A direct 35 minute train ride from the rail hub at Orte takes you into the heart of the Eternal City, easily accessible for a day trip or even just for an afternoon or evening. From Termini station simply jump on the number 40 bus to begin exploring central Rome. A city renowned for its world famous sights such as the Coliseum, Vatican, Trevi Fountain and Spanish Steps, Rome needs little introduction, however there is so much more to this fascinating city. In amongst the great central monuments discover Rome’s hidden gems by venturing off the beaten track. At sunset visit the atmospheric pocket sized Orange Garden on the Aventine hill, with its breath taking views over the Tiber and St Peter’s Dome. Here on Piazza dei Cavalieri di Malta you will also find the ‘Aventine Keyhole’ on the priory’s great door which offers the perfect view of St Peter’s Basilica standing majestically at the end of a tree lined avenue. Take refuge from Rome’s chaotic charm in one of the city’s many parks, walk to the Villa Borghese Gardens and art galleries from the top of the Spanish Steps, while taking in fantastic views over the city, the gardens extend from Piazza del Popolo to the top of Via Veneto. Just off Via Veneto is the fascinating and relatively undiscovered small church of Santa Maria delle Concezione which houses artist, Guido Reni’s painting of the Archangel Michael, however the church is best known for its crypts of the Capuchin friars. This monumental cemetery holds the skulls and bones, arranged in elaborate designs, of 4000 friars dating from 1500-1870.
Stop off to have the best coffee in Rome at Caffe’Eustachio, between the Pantheon and Piazza Novona or try an Italian iced granita, a dessert and caffeine fix in one. Also near the Pantheon sample the, not so secret, delicious Ice cream at Giolitti. Venture to the nearby small vibrant neighbourhoods of San Lorenzo, a haven for young and carefree artists and Rione Monti which is now one of the city’s hippest and most interesting areas, a stones’ throw from the Coliseum. Browse the city’s markets from Porta Portese’s flea market, which is among one of the best in Rome to Campo de Fiori’s morning flower market. From here take a stroll over The Tibre, towards Trastevere, and walk along the banks of the river past endless market stalls on long summer evenings. No trip to Rome is complete without a visit to the former working class district and heart of the city, the beautiful medieval area of Trastevere. Beat the crowds by exploring this area’s atmospheric narrow streets, churches, superb restaurants, galleries and trendy bars. Then take in magnificent views over the city from Gianicolo Hill rising above Trastevere.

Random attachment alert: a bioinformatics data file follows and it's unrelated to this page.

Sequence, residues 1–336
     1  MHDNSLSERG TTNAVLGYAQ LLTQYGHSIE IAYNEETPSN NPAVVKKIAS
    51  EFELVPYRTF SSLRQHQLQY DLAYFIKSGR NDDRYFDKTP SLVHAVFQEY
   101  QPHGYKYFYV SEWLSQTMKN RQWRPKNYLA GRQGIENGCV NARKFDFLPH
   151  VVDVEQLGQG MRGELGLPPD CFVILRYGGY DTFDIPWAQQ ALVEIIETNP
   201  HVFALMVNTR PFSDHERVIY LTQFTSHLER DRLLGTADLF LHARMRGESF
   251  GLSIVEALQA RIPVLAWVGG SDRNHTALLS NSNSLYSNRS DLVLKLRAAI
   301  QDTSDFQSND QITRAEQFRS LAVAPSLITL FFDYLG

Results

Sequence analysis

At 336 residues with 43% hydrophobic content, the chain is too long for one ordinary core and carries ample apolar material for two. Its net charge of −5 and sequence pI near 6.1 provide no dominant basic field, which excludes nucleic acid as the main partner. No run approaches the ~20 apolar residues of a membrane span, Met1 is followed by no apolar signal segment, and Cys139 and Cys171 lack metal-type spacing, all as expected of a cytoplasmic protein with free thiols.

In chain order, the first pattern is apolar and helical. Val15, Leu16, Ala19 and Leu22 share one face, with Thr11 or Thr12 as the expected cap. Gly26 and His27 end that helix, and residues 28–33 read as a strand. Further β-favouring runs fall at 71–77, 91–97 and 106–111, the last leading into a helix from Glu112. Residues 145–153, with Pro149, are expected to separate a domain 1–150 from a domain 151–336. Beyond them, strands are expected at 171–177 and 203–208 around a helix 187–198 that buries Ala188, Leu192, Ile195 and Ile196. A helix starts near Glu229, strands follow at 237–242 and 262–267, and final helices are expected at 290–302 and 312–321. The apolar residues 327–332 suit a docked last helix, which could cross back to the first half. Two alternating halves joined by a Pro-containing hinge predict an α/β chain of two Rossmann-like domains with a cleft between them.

In under an hours’ drive from Tuscia, heading south towards Rome, is Lazio’s second largest lake, Bracciano. This beautiful lake with stunning views is bordered by three towns, Trevignano Romano, Anguillara Sabazia and Bracciano. Trevignano, located on Bracciano’s northern shore is the lake’s main sailing centre. This pretty town offers pleasant lakeside walks and a charming old town which is dominated by the Orsini Castle ruins high up on the hill. Anguillara’s medieval centre, on Bracciano’s southern shore is built on a small cape which juts out into the lake. The untouched old town is a quiet collection of cobblestone streets, which pass through the towns’ main gate and clock tower then climb up to the parish church where stunning views open out onto the lake. Bracciano, the lake’s namesake, is dominated by its well preserved 15th Century Castle Orsini-Odescalchi, which is renowned for hosting world famous events. Positioned high up on a hill, on the lakes western shore, the town’s medieval streets and tightly packed houses look out onto stunning views of the lake.
The majestic city of Orvieto, located within south western Umbria, allows for an easy 30 minute drive from central Tuscia. This beautiful town sprawls out across a cliff top, accessible by a funicular and a system of escalators and is set within breath taking scenery. Well known for its Gothic Cathedral, Ceramics and Classico wine, Orvieto experiences a high number of tourists throughout the summer months. The original 14th Century Romanesque Duomo with its nave and two side aisles was later transformed with added Gothic features into one of Italy’s liveliest facades, gleaming with golden mosaics, reliefs and stained glass. The town’s foundations also house a mass of Etruscan and medieval underground tunnels and caves, which are able to be explored by guided tours.
The pretty 13th Century walled town of Norcia is set in the heart of the Valnerina on the edge of the Sibillini National Park in southern Umbria. The largest town of the Nera Valley, Norcia is located in the province of Perugia and set within a wide plain encircled by mountains. World famous for its wild boar, pork products and truffles, every other shop in the town is a Norcineria, which is the Italian world for butchers specialising in pork goods and so named after the town. Sites not to be missed when visiting Norcia are the Church of St. Benedetto on Piazza San Benedetto, which is built in the shape of a cross and houses precious frescoes and paintings dating back to the 16th and 17th century. Another impressive example of Renaissance architecture is the Castellina, a four-sided strong-hold built by Vignola which is now the Municipal Diocesan Museum.